With the publication of a couple of atlases to Maltese birds this is the first field guide dedicated to the birdlife of the islands. There is a large section on the habitats and birding sites, followed by a section on conservation. Finally a detailed examination of the hunting and shooting for which the islands are notorious precedes the field guide. Each species is illustrated by at least one high quality photograph before a detailed description for identification and status on Malta.
A Photographic Guide to the Birds of Malta.
Birds of Senegal and The Gambia
Another in a recent rash of Field Guides based on earlier ones of larger geographic areas. The Gambia and Senegal are among the most popular African destinations for visiting birders, with a wealth of African specialities combined with large numbers of wintering familiar species from the Western Palearctic. With high-quality illustrations and useful maps this is the perfect choice of guide to anyone travelling to the area.
Birds of the Indian Subcontinent
This guide covers a vast and rich area, from the coast to the Himalayas. Although strictly a new edition of the 1999 version, this has been extensively revised and many of the illustrations have been replaced. Two species have been added, having been recently rediscovered. An indispensable, complete, useful yet manageable-sized guide.
Spanish Pyrenees – and steppes of Huesca, Spain.
The latest travel guide from the non-profit making Crossbill Guides Foundation covers a stunning and popular area. Although sometimes (literally!) over-shadowed by the more famous French Pyrenees, the drier, warmer Spanish side has an enormous amount to offer the wildlife lover. Following the familiar structure of the Crossbill Guides this one examines the landscapes and the flora and fauna before suggesting 21 walks and drives to sample some of the best the region has to offer, as well as telling you of some of the specialities you may encounter on each route.
A Patch Made in Heaven: A year of birdwatching in one place
With endless scenes of amazing wildlife spectacles around the world being shown on television there is a real danger of forgetting the fantastic wildlife on our doorsteps. As well as being a genuinely pleasant read this little book is a reminder of just what can be found on your doorstep and the joys of getting out there and finding wildlife for yourself. Taking on his own patch, Dominic recounts in his easy-going style the highlights of a whole year, watching the seasons unfold in front of him.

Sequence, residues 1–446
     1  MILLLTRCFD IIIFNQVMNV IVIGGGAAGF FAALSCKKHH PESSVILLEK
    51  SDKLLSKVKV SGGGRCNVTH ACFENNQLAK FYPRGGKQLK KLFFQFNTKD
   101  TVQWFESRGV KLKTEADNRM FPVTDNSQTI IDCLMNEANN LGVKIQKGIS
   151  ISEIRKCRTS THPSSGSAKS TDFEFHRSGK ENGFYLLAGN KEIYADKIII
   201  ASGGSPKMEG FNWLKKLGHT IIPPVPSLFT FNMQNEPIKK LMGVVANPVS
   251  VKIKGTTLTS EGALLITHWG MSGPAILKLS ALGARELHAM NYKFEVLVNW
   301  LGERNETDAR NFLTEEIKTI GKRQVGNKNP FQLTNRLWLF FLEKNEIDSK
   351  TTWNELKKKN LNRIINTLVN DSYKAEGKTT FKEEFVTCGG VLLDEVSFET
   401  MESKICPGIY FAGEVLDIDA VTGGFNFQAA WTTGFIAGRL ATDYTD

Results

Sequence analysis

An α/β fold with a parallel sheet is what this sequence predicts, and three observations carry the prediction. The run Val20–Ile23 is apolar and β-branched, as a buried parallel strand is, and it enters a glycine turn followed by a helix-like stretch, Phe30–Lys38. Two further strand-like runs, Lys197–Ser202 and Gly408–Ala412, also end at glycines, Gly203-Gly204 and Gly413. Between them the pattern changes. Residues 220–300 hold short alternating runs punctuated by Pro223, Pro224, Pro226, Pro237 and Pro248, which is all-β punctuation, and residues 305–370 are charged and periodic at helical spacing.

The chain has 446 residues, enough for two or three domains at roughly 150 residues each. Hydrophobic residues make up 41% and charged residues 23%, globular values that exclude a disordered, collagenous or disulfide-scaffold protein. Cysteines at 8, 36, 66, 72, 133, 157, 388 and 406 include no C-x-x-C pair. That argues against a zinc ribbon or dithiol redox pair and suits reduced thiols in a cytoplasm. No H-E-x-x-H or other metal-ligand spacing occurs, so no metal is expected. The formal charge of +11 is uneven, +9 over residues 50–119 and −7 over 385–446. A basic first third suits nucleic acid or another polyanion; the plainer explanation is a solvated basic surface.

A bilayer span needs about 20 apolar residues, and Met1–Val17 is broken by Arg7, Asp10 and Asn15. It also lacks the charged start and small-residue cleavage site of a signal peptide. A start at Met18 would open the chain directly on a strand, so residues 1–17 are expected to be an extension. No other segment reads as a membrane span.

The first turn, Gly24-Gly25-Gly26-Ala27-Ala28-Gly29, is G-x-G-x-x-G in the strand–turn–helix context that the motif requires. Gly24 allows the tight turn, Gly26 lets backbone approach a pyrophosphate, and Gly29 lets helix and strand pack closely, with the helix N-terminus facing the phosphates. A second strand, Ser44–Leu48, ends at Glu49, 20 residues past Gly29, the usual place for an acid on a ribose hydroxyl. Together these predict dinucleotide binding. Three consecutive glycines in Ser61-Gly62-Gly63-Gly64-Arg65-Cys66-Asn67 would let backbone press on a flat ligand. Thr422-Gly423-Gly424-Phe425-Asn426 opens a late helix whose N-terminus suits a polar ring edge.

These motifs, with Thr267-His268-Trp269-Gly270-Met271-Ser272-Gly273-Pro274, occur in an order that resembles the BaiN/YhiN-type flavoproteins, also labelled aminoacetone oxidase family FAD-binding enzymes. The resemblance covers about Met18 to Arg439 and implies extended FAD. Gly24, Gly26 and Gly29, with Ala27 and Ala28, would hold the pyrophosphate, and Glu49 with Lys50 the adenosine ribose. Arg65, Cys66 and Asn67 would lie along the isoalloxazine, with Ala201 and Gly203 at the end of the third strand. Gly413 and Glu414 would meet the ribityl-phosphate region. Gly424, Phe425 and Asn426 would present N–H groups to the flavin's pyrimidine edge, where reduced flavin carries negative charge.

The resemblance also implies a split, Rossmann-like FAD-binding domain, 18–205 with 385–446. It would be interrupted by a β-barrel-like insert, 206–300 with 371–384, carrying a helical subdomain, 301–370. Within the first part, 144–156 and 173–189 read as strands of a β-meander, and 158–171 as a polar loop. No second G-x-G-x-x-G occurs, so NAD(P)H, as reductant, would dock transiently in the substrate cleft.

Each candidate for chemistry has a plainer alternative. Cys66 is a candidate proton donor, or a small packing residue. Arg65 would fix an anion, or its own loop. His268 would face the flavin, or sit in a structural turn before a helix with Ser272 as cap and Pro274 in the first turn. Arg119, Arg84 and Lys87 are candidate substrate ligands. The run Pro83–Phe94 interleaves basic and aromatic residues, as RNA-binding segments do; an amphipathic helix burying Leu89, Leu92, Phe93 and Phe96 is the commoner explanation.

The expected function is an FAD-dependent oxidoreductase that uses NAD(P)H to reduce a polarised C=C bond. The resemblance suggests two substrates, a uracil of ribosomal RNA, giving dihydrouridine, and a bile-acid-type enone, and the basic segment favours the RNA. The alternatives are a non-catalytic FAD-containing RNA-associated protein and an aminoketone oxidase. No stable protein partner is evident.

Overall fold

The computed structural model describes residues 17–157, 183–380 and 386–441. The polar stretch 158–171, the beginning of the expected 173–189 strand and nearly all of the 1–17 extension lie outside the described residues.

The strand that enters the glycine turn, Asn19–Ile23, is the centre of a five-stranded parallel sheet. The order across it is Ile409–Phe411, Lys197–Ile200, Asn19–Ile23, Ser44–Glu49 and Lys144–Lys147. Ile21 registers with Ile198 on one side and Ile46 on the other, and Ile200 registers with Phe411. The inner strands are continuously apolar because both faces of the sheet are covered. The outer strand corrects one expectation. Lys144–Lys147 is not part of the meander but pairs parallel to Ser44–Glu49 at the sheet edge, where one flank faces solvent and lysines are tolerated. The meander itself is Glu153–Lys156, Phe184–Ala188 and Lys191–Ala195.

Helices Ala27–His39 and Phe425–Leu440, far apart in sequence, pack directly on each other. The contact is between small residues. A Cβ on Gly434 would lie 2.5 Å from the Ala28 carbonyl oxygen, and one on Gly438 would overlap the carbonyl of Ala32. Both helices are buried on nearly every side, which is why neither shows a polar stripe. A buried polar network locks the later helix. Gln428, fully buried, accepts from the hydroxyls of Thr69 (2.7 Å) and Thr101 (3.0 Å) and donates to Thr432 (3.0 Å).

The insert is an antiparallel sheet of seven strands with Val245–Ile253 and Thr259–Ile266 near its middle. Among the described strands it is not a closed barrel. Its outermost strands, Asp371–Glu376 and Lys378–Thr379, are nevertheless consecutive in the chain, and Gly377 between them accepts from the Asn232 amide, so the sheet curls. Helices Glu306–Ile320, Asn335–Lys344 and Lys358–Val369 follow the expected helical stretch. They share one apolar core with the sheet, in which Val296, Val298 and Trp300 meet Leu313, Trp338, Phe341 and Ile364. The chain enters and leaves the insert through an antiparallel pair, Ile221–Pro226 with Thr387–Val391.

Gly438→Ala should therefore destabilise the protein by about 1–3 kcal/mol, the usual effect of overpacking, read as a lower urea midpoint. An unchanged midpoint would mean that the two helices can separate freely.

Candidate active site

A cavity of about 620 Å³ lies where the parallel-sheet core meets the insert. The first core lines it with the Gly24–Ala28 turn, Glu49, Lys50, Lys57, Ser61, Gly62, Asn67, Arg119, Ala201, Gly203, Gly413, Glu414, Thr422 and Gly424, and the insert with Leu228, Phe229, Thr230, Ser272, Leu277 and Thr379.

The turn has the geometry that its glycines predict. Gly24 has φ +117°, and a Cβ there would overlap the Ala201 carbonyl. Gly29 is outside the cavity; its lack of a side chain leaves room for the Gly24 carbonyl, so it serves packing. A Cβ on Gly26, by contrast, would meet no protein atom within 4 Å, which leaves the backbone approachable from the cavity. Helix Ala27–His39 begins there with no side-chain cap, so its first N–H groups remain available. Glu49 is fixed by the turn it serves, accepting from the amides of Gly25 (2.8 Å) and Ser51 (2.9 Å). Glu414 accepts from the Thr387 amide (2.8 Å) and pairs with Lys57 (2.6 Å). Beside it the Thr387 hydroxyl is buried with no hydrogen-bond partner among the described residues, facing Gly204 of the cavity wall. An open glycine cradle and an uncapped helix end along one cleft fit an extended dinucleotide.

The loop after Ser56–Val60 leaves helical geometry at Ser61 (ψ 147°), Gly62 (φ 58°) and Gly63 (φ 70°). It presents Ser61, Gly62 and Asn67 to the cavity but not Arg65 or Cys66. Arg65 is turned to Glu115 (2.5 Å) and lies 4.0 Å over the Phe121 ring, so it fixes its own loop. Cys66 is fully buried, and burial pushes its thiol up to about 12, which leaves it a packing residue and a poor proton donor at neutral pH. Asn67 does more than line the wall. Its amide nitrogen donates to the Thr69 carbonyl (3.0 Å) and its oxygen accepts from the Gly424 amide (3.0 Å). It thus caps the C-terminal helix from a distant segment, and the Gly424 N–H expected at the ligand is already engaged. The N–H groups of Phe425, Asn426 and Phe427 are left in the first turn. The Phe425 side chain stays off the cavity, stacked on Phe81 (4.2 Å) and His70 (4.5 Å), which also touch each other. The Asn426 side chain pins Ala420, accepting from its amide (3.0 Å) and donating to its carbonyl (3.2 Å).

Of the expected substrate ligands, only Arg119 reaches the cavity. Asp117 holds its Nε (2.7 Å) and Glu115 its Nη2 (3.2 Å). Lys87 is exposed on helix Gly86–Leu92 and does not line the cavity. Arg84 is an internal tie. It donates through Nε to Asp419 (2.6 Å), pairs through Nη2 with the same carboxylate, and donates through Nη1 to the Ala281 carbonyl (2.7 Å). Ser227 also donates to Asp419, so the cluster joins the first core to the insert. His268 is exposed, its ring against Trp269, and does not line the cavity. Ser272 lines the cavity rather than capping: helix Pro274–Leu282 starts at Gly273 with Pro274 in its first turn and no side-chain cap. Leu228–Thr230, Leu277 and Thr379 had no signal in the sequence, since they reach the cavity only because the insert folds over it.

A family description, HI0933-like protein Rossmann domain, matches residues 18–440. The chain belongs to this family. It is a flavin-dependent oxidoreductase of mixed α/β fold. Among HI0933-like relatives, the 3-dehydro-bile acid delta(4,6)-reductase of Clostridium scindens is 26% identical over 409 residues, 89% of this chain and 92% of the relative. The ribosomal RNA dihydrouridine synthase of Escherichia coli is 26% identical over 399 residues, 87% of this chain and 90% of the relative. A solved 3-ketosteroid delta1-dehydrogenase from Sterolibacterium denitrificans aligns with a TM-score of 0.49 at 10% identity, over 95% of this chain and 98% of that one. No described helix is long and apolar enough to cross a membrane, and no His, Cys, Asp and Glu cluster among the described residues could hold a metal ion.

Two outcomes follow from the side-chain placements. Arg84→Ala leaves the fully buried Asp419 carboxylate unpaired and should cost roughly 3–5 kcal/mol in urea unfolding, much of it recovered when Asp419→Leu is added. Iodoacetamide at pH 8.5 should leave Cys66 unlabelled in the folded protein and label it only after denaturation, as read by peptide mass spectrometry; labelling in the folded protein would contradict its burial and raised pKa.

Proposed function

Wildlife Crime: The makings of an investigations officer
Whittles Publishing has produced a number of books in recent years that get to the heart of countryside matters. This title continues that theme, looking at the problem of wildlife crime in Scotland. It is a very readable account of Dave Dick’s ‘evolution’ to Investigations Officer, against a background of the very real problem.
For an ornithologist with a passion for a species, and a deep understanding of just what makes it tick, it is difficult to know when to stop and write it all down. Mike Harris did this for the Puffin nearly thirty years ago and now finds that he has had to do it again, this time with Sarah Wanless. John Coulson, on the other hand, became interested in Kittiwakes in 1952 and only now has he written the book. As readers, we should be grateful that all three authors have found the time to share their tremendous insights.
Handbook of The Mammals of the World. Volume 2: Hoofed Mammals
This new series (aiming for 8 volumes) is set out in the same way to Handbook of the Birds of the World and will feel familiar to anyone who has used that series. The current volume covers a huge range of families, ranging from Aardvark to giraffes, via the multitude of antelopes and deer. An introductory section to each family covers everything from behaviour to conservation and threats. The plates are then followed by detailed species by species accounts. Excellent.
The Changing Nature of Scotland
This book should be on the shelves of every nature conservationist in Scotland. It reviews what has been happening to nature and the environment, where we are now and what is being done to bring about change.
Handbook of the Birds of the World: Volume 16: Tanagers to New World Blackbirds
Wow, what an amazing achievement and, perhaps, most amazing of all has been the frequency of publication of each of the volumes of HBW. From the outset, many believed Lynx Edicions would not be able to keep up the promise of a volume every 18 months, but keep to it they have. The series has been unfaltering in its quality as well and has rightly earned its place as the definitive reference work on the world’s birds.